A Mobile Phone From 1922? Not Quite
I recently came across a short, silent film from 1922 called Eve’s Wireless. Distributed by the British Pathe company, the film supposedly shows two women using a wireless phone. Apparently this video has been making the rounds for the past few years. Could it be an early demonstration of some futuristic technology? I hate to be the Internet’s wet blanket, but no. It’s not a mobile phone.
Rather than an early mobile phone, think of the box they’re holding as an early Walkman; because the two women on the street don’t have a telephone, but rather a crystal radio. The confusion comes from the fact that the term “wireless telephone” was widely used in 1922 for what we simply call “radio” today.
The film opens with two women walking down the street with an umbrella and a radio in a box. An inter-title slate (the words that would appear in a silent movie to help aid in narrative development and were sometimes known as “letter cards”) explains that “It’s Eve’s portable wireless ‘phone — and won’t hubby have a time when he has to carry one!”
In the next shot the women approach a fire hydrant and attach a ground wire from the radio to the hydrant. Crystal radios don’t need a power source (like a battery) because they derive their power from a long antenna, which Eve has strung up through an umbrella.
After they get the umbrella up, one of the women puts a small speaker up to her ear. The film then cuts to a shot of a woman speaking into a microphone.
She then holds that microphone up to a phonograph, which is presumably playing music.
Since the woman on the street only has a speaker to her ear and no microphone, it’s reasonable to assume that our Jazz Age disc jockey can’t hear her talking to her friend. What’s not entirely clear from the film is whether the woman playing the phonograph is playing it for many people or just the two women on the snowy street. The use of the word “telephone” in 1922 didn’t necessarily mean two devices that could both receive and transmit messages. Sometimes (as possibly was the case with Eve’s Wireless) the telephone was used for a one-way message.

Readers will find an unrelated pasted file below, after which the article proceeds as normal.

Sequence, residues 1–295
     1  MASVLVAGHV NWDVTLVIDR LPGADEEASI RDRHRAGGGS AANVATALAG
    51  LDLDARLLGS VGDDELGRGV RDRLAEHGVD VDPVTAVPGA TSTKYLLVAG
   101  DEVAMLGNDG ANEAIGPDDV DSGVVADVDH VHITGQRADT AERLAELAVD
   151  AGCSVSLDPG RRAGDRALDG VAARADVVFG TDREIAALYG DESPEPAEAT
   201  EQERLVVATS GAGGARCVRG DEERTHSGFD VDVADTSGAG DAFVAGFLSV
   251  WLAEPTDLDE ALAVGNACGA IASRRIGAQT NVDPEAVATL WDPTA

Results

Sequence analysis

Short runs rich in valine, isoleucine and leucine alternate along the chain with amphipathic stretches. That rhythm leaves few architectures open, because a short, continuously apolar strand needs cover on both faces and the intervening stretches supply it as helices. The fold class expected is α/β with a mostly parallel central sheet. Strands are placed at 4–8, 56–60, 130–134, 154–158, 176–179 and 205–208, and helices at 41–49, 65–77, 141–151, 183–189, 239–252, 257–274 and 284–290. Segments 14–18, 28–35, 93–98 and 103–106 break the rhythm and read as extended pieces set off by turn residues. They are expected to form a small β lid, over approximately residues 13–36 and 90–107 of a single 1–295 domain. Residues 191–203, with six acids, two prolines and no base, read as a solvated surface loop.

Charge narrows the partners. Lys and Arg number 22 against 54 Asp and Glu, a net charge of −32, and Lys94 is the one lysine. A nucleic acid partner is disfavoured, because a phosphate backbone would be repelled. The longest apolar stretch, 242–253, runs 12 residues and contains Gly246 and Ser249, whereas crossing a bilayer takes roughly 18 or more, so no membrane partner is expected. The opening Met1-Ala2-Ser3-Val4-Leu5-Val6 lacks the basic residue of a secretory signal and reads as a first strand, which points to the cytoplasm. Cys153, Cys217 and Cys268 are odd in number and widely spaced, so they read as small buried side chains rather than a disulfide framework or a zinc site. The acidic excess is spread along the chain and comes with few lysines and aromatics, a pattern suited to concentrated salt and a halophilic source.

You can watch the entire film for yourself.
The use of an umbrella as an antenna for a crystal radio dates back at least to 1910, as we can see from the image below, which ran in the February 20, 1910 Washington Post. The image is pretty amazing to 21st century eyes, but it’s not until we read the last few lines of the accompanying article that we realize the wireless communication is only traveling in one direction and is little more than a crystal radio, which needs a ground connection.
Wives can call husbands at their offices or on the way to Harlem or the suburbs in the car and say, “Do stop at the butcher’s on the corner and get some liver and bacon!” It’s the girl’s day out. And you know how she is! She never orders a thing ahead….
Advice to Married Men – Don’t you care when your wife says angrily, “Don’t tell me, I know you heard me. I called you all day and your wireless telephone was in perfect condition when you fastened it to your hat this morning when you left the house.”
Affect a look of surprise and reply, “Don’t be angry dear. I forgot to take off my rubbers and wore them all day.”
Indeed, by 1922, the term “wireless telephone” as used in Eve’s Wireless was actually quite old fashioned. The article below from the January 31, 1909 Nevada State Journal also shows an early use of the term for point-to-point radio communication with ships on the Great Lakes.
An article in the May, 1922 issue of Radio Broadcast magazine even mentions the shift in terminology in an article called “The Romance of the Radio Telephone.”:
The story of the radio telephone is a study of extremes. It is the most popular fad at this moment, yet only a short while ago it was the most unpopular invention ever introduced to the public. To-day it is in many good hands for full and sound exploitation; a dozen years ago the wireless telephone, as it was then called, was the prey of unscrupulous stock promoters who used it as a means of prying money away from the gullible public.